When someone asks me to give them a ballpark figure for their website I often respond with this question:

Do you want a one bedroom simple studio villa or a two story five bedroom McMansion?

Both can be considered homes but the cost and time to build them both will vary massively.

The style of each will be significantly different and what the end expectations are will also be hugely different. That question just touches the surface as there are many other issues that you need to consider.

The materials, will it be block, wood or steel? What type of roof, internal walls, finishes, paint colours? Every one of these decisions impacts how successful the project is on completion. Understanding the detail of a project whether it be building a home or a website before you start is a proven method to be successful.

Learn from Grand Designs

If you have ever watched a show like Grand Designs then you know how easy things can, and do, go wrong, causing cost blowouts, requirements changes late in the piece and dissatisfaction from the owner.

When you see a Grand Design project with major issues, you can usually find at the core one or more of the items listed.

In many cases starting a construction project without an adequate plan leads to poor results.

While it isn't always the case and many web projects run smoothly without any plan the majority would and should be better if better planning was involved.

A successful web project is very similar and has many of the same components to it and potentially many of the same problems that can occur.

Builder Problems on Grand Designs:

  • No experience
  • Not taking on board professional advice
  • Trying to do complex work themselves
  • Not using an architect
  • Not setting fixed parameters
  • Lack of compromise on items that lead to cost blowouts
  • Poor choice of builder
  • Not getting appropriate approvals or simply not following them
  • Not enough research/investigation

A scope is simply a blueprint for success. It’s a thought out set of drawings and specifications that allow you to get to a result exactly as you want or better.


Imagine getting a fixed price building contract without architects plans? Imagine being able to set a realistic time frame for the project or order the materials if you don’t have any detail on what it is you are building.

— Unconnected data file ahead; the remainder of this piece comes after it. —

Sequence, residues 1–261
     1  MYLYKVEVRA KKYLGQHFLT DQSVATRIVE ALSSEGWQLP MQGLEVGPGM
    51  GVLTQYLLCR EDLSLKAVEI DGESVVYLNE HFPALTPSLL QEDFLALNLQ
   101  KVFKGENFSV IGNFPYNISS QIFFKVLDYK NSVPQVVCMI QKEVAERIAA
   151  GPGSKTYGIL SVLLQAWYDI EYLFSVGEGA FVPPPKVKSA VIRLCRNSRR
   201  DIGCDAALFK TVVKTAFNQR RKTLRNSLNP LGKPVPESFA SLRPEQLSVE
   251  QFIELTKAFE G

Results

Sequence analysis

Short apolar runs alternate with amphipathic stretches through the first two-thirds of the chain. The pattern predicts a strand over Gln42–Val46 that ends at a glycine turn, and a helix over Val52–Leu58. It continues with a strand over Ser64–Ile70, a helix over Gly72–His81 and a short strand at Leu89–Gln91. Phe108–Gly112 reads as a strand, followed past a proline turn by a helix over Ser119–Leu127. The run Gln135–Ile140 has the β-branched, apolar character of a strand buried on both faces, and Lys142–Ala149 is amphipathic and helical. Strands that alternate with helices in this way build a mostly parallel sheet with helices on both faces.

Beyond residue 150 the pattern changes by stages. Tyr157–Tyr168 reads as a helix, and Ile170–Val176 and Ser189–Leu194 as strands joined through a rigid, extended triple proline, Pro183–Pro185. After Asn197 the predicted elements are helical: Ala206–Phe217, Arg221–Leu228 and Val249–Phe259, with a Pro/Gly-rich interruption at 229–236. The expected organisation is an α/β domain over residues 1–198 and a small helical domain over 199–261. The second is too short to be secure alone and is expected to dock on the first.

And yet…

This is exactly how many people approach their website developments.

  • Asking for quotes about a redevelopment before finalising what they want
  • Providing the equivalent of the electrical engineer drawings to explain the house (technical & functional requirements)
  • Providing the time frame up front before locking in the exact needs
  • Choosing the Builder without reviewing how they can deliver on the needs and wants
  • Picking up a theme for one purpose and trying to squash it out as something completely different.

The Solution

At all times through this process, imagine you are about to build your dream home or your next home, and you have experience in what didn’t work previously or what wasn’t quite right, but now you want to get that ideal home.

This time, you are going to work through the steps, plan out clearly and simply what it is you really need and put you and your builders in the position to make smart decisions from the start.

This works for a simple 5-page advertorial or mini site as it does a large corporate 1000 page site.

No plan = guess work.

Let’s go make a plan that gets you great results!

Chapter 1

Next Chapter

BUY the entire guide as an ebook or paperback


Buy the Guide


Available on Amazon, Kobo, iBooks, Barnes & Noble and other great bookstores

Free access to the Website Planning Guide Facebook Group with any version you purchase